First Western World Country Passes Law Forcing Encryption Backdoors

Mae Love
December 8, 2018

The Law Council said it was unacceptable that the laws were passed while so many in the parliament acknowledged there were ongoing problems.

"We will pass the legislation, inadequate as it is, so we can give our security agencies some of the tools they say they need", opposition Labor party leader Bill Shorten told reporters, according to Wired.

The legislation thrusts Australia to the heart of a global tug of war between tech companies and governments over privacy and security.

The new legislation forces companies to crack their own encryption when and if it's requested by law enforcement and intelligence agencies. The third stage is also compulsory and demands companies proactively work to build mechanisms to help authorities collect information.

The Guardian reports that Labor passed the Assistance and Access Bill - voting against its own amendments - in the Senate late last night, while filibustering by Coalition senators, Cory Bernardi and Pauline Hanson helped stop offshore transfer legislation from moving to the House of Representatives.

"It's not just the rights of citizens that are potentially compromised by this outcome, but intelligence agencies and law enforcement that are at risk of acting unlawfully", said council president Morry Bailes in a statement.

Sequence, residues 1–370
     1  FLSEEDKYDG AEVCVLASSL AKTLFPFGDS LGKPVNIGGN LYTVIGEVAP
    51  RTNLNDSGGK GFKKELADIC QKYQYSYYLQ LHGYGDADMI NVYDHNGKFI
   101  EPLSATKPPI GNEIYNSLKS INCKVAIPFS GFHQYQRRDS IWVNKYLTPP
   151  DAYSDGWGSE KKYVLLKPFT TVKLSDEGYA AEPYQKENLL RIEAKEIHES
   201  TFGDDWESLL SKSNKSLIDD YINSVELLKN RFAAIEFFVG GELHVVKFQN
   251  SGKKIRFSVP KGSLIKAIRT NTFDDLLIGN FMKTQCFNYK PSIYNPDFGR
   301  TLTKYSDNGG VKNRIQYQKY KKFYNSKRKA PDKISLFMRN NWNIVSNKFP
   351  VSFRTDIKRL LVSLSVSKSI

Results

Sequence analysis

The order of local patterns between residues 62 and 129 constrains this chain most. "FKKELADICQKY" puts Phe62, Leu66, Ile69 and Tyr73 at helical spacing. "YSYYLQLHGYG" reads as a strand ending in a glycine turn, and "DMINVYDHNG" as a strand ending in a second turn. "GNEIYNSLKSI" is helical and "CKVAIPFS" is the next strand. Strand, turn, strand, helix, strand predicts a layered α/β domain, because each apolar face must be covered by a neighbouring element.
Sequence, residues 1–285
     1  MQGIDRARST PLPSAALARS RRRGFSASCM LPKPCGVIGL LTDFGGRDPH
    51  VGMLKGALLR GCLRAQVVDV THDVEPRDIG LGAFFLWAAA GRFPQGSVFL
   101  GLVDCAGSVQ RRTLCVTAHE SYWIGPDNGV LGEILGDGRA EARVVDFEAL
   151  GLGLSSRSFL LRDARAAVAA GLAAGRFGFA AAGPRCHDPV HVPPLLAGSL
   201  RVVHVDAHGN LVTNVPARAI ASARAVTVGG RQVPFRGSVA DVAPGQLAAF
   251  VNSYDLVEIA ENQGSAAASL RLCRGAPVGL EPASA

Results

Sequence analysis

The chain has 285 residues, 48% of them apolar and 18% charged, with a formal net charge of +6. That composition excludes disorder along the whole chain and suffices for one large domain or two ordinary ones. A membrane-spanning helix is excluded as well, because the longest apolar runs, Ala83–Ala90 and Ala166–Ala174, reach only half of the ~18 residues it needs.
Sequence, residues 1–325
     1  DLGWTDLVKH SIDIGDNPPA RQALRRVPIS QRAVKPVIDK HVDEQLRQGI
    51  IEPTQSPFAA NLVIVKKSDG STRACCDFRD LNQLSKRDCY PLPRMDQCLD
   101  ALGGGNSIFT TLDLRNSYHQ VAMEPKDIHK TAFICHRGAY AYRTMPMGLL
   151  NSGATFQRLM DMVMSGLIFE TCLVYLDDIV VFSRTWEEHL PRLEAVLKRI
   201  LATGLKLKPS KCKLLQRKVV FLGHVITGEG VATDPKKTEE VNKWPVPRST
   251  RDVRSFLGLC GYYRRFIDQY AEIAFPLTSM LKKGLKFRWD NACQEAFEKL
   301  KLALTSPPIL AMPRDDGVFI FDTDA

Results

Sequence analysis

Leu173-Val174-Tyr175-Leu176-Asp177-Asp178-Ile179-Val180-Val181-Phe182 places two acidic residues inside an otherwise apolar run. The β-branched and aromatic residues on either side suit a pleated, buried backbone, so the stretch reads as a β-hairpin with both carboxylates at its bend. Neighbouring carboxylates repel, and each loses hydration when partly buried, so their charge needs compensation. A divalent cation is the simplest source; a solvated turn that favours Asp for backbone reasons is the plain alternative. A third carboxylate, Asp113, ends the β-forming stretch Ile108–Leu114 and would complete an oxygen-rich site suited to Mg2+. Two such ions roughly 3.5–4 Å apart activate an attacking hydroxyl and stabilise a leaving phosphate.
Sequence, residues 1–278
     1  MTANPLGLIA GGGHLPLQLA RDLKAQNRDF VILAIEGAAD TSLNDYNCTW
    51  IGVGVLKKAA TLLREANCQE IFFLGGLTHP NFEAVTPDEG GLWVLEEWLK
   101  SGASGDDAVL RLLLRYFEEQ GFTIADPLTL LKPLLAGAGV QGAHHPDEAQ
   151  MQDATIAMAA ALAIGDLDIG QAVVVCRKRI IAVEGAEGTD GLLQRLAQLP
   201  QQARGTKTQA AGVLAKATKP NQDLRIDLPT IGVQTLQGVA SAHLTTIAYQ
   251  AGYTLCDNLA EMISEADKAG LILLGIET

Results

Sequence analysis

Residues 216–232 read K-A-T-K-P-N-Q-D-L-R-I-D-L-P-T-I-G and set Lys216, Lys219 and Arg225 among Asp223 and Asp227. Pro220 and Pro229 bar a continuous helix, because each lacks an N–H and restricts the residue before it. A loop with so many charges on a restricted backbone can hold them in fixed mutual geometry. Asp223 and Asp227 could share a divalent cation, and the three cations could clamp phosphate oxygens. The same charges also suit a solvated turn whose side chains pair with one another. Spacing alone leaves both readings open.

Under the bill, any individual whot fails to hand over data could end up in prison, while institutions could be fined as much as A$10 million ($7.3 million).

Unlike the other members of the Five Eyes nations, Australia chose to the large majority of public comments stating opposition against this bill.

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Privacy advocates decry such a law, but the government has said that such a law is necessary to fight organized crime and terrorism, making Australia a safer place. USA law enforcement officials, including Deputy Attorney General Rod Rosenstein, are again pushing for legislation that would somehow give authorities access to secure communications.

"There can be only one step after you've compelled the big companies to agree to your back-doors, and that is to criminalize those truly secure services who prefer to follow the "laws of mathematics" instead of "the laws of Australia". That affects companies including Google, Facebook, Twitter, and, yes, Apple.

The bill reportedly passed after Labour ministers agreed to do so at "the eleventh hour". Liberal lawmakers contended that the new powers were needed to protect Australians over the Christmas holidays, a soft intimation of a pending security threat.

National cybersecurity adviser Alastair MacGibbon said police have been "going blind or going deaf because of encryption" used by suspects.

On Thursday, Australia's parliament passed the most expansive bill of all Western countries that could force major U.S. tech companies such as Google, Apple and Facebook to provide authorities with access to such encrypted data.

Security experts are nearly unanimously against backdoors, precisely because of this weakening.

Apple refused, arguing that it would weaken encryption and it would create perilous privacy consequences for consumers.

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